WAUWATOSA, Wis. — Outside Grace Lutheran Church in Kenosha Thursday, where Joseph R. Biden Jr. was inside addressing members of the community, Justin Blake said that his family would not rest until the officer who shot his nephew, Jacob Blake, and left him paralyzed, had been indicted and convicted.
“When all the cameras go away, I can’t stand my nephew back up,” he said, speaking through a megaphone. Mr. Blake said he believed Mr. Biden would be part of the “healing” of the country.
While he did not take part in the family’s meeting with Mr. Biden earlier in the day, Mr. Blake said he had talked to his brother, Jacob Blake’s father, who said he had found Mr. Biden to be “a hell of a guy.”
Neighbors living on a narrow side street next to the church took in the scene from porches or lawns, surveying the swarm of reporters, Secret Service agents and onlookers.
Calvin Cooks, 49, said he understood the anger over the police shooting of Jacob Blake on Aug. 23, but said he was also disturbed by the destructive nature of some of the protests that followed.
He said that he supported Mr. Biden and appreciated how the former vice president spoke on policing and issues of race.
Mr. Cooks said he himself was sprayed with Mace several weeks ago by a police officer as he tried to pull his family away from a shooting scene and a crowd that had grown angry with the police.
Still, he said, he thought that the officer who shot Mr. Blake might have been legitimately worried that he had been reaching for a weapon.
“I’d never say it was cool or good he shot him, but that man was thinking about his life,” Mr. Cooks said of the officer.
I followed Joe Biden's motorcade from Kenosha to Wauwatosa, Wisc., where he's entered a home in a quiet Milwaukee suburb. The neighborhood is thrilled.
"This is big doings for Wauwatosa," one woman said. pic.twitter.com/VDYX2SSsZi— Nicholas Bogel-Burroughs (@NickAtNews) September 3, 2020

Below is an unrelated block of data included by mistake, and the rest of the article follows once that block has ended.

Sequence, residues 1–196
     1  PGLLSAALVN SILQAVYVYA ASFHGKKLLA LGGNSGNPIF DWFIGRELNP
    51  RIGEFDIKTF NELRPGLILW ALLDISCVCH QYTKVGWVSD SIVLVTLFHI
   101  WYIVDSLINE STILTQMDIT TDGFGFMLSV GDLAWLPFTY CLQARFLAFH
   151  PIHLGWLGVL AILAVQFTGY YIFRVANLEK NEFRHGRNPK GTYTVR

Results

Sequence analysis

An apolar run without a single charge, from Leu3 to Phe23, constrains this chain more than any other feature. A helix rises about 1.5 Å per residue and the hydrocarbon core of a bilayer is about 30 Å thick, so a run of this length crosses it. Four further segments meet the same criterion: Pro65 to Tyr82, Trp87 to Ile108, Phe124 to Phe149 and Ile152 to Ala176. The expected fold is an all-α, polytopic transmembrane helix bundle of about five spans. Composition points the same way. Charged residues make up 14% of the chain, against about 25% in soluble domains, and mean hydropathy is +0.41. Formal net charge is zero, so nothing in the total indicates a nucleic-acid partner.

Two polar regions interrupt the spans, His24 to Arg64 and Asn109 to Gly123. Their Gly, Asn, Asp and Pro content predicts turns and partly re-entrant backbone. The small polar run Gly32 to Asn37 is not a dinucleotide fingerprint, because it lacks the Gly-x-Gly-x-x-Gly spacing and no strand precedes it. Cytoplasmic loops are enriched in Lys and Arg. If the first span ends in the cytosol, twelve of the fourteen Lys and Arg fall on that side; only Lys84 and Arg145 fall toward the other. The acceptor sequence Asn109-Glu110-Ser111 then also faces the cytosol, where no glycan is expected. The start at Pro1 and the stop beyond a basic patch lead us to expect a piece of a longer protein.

A few houses down, April Valdez was hanging a large Trump 2020 banner on her porch after taking it inside on a windy day.
Ms. Valdez said the demonstrations grew so destructive last month that she and her husband briefly sent their three young children out of the area, fearing they would be hurt. She was frustrated that the National Guard had not been sent in immediately.
“The fires, I think, could have been prevented,” she said. “Change-wise, I unfortunately think anything Democratic-handled at this point is going to put us further into destruction.”
Mr. Biden and his wife, Jill R. Biden, ended their trip Thursday afternoon with an unannounced stop. Sitting down with a small group of teachers and parents at a backyard picnic table in the Milwaukee suburb of Wauwatosa, they talked about education. The couple’s arrival surprised residents of the quiet, leafy neighborhood, and by the time they left about an hour later, hundreds of people flooded the sidewalks and lawns and broke into chants of “Let’s go, Joe!”
Chris and Karri Tait, donors to the Biden campaign, said they had only learned the night before that Mr. Biden might want to use their backyard for the meeting.
“We talked a lot about just funding mechanisms, what are the challenges the teachers are facing right now and how they’re going to overcome that,” Mr. Tait said. “It gives a lot of optimism of, if Joe is elected, that he’s going to make some changes.”